Results

Toxicity and survival

In this cohort of patients at high risk, SCT with our nonmyeloablative protocol was extremely well tolerated. The median duration of admission was 52 days (range, 27-84 days), which is comparable to that for our historical cohort of children undergoing conventionally conditioned SCT for immunodeficiency at this center (median, 54 days; range, 35-180 days). At the time of writing, 7 of 8 patients are alive and well. Patient 4 died of multiorgan failure secondary to Pseudomonas aeruginosasepticemia after treatment for recurrent hemophagocytic lymphohistiocytosis. The incidence rate of common transplantation-related complications is summarized in Tables 2 and3. It can be seen that the major regimen-related toxicities observed (Table3) were gastrointestinal and hepatic. Hepatotoxicity is discussed below. Mucositis was generally mild to moderate; however, 6 of 8 patients had pre-existing enteropathy so that 7 patients required parenteral nutrition. Patient 2 had a generalized seizure on day 18 in association with hypertension and was found by magnetic resonance angiography to have 2 nonenhancing vasculitic lesions in the right parietal lobe. His seizure was easily controlled with anticonvulsants, he had no other neurologic deficit, and lesions found on computed tomography resolved on subsequent scans. The only other neurologic toxicity observed was a moderate degree of sensorineural hearing loss in patient 4, who had received intravenous paromomycin for Cryptosporidiosis. Idiopathic pneumonitis, veno-occlusive disease, and post-transplant lymphoproliferative disease were not seen.

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Table 2.

Transplantation-related complications: incidence of infection

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Table 3.

Transplantation-related complications: regimen-related toxicity (number of patients)

With regard to infection (Table 2), 7 of 8 patients had more than one episode of neutropenic fever, blood cultures were positive in 6 patients. In one child with CD40 ligand deficiency and sclerosing cholangitis, Cryptosporidial cholangitis developed on day 15. His symptoms resolved with engraftment and intravenous paromomycin/azithromycin. Patient 8 had severe herpes simplex virus oropharyngitis on day 28, recurrent cytomegalovirus (CMV) reactivations treated with foscarnet, and adenovirus infection at day 19 that was treated with ribavirin. No fungal infections were observed.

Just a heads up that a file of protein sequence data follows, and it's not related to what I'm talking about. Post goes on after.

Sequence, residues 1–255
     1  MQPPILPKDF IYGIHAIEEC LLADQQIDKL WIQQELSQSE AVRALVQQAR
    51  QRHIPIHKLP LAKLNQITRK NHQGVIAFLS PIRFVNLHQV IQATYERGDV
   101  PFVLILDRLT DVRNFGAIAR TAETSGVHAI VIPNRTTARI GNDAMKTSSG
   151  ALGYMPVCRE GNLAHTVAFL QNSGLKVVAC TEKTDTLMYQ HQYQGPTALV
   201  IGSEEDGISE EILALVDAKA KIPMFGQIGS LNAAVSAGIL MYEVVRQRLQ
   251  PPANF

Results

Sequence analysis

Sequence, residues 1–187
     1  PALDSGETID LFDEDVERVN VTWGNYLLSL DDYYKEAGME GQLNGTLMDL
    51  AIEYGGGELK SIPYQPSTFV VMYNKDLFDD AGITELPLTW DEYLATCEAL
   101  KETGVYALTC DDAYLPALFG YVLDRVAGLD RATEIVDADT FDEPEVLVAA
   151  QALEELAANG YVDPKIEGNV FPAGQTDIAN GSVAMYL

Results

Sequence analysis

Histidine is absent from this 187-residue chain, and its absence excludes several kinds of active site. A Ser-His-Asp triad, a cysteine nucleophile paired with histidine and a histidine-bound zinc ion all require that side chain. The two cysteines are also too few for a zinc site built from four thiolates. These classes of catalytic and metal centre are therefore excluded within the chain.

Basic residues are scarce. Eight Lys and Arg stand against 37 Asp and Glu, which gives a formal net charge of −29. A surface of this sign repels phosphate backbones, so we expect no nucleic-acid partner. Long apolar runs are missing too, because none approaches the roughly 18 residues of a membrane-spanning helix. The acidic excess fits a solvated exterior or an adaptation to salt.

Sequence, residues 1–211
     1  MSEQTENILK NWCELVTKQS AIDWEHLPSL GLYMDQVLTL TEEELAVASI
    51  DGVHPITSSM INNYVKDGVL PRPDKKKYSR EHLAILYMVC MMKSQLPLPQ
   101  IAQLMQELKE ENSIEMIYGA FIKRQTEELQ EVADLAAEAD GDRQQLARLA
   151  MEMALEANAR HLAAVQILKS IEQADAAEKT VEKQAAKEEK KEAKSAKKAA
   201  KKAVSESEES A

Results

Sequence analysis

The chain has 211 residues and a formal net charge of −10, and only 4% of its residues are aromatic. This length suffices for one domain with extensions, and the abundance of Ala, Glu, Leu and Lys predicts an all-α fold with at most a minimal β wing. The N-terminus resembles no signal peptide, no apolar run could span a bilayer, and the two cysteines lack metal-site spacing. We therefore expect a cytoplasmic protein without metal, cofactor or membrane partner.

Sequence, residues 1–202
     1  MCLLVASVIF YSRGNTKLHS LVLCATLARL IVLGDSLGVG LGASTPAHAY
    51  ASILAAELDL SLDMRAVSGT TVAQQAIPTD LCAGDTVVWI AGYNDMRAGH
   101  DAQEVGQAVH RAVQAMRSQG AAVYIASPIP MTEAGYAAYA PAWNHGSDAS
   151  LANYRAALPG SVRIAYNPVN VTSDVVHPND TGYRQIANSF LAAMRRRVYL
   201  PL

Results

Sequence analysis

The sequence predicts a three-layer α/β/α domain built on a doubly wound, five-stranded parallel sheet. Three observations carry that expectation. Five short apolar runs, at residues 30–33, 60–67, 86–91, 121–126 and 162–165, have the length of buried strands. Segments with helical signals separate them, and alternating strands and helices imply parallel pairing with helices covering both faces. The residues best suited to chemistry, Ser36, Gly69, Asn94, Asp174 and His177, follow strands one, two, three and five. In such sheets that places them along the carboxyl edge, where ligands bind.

Given that 5 of 8 patients had significant antecedent liver disease (sclerosing cholangitis, chronic hepatitis B), it was not surprising that transient hepatotoxicity was frequently seen. Aside from the episode of cholangitis referred to above, the only major example of this occurred in patient 2, in whom transient biopsy-proven hepatitis—presumed to be viral in origin—developed in his transplanted liver on day 38. As seen in Table4, 6 of 8 patients had significant transient worsening of liver function (as defined by a doubling from pre-transplant values of one or more of the following parameters: bilirubin, alkaline phosphatase, aspartate transaminase, or alanine transaminase). However, all have improved, and 5 of 7 evaluable patients, including all 3 patients with the most severe pre-BMT liver disease, had normal liver function findings at the time of the most recent follow-up. The other 2 patients had mildly elevated alanine transaminase levels.

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Table 4.

Transplantation-related complications: hepatotoxicity

Engraftment

In all patients, absolute neutrophil counts dropped to below 0.1 × 109/L, but all had prompt hematopoietic recovery. The median time to neutrophil recovery to more than 0.5 × 109/L was 13 days (range, 9 to 17 days), and to an unsupported platelet count of more than 20 × 109/L, it was 22 days (range, 10 to 37 days). This compares favorably to counts in a cohort of 19 patients with congenital immunodeficiency who underwent transplantation at this center with standard busulphan/cyclophosphamide conditioning regimes. Median time to neutrophil recovery was 16 days (range, 11 to 32 days), and median time to platelet recovery was 28 days (range, 8 to 112 days). The median number of blood transfusions was 5.5, and the median time of platelet transfusions was 11.5. As shown in Table5, at 1 month after transplantation, 7 of 8 patients had engrafted with full donor chimerism and 5 of 7 evaluable patients had maintained predominantly donor hematopoiesis. In contrast to previous reports,17 chimerism in the lymphoid and myeloid lineages was generally concordant. Patient 4 experienced a decline in the contribution of donor cells to hematopoiesis at 2.5 months after transplantation that was associated with fever, hepatosplenomegaly, decreased peripheral blood count, and biochemical, bone marrow, and cerebrospinal fluid evidence of recurrent hemophagocytic lymphohistiocytosis. This may have been precipitated by a passive transfer of donor Epstein-Barr virus EBV in the absence of adequate T-cell reconstitution because the donor was serologically positive for EBV, and the patient became EBV DNA positive at the time of disease recurrence. He was treated with anti-thymocyte globulin and etoposide and received a further bone marrow graft from his sibling at day 91, but he died of Pseudomonas aeruginosa septicemia on day 104 after BMT. Patient 5, who had ADA deficiency who was given reduced conditioning with fludarabine 120 mg/m2 and melphalan 125 mg/m2, had progressive decrease in donor chimerism from 1 month after transplantation, consistent with the recovery of recipient hematopoiesis. This was initially manifested in the lymphoid and subsequently in the myeloid lineage. However, this was stabilized with the withdrawal of immunosuppression therapy, and, at the time of writing, she has remained a mixed chimera.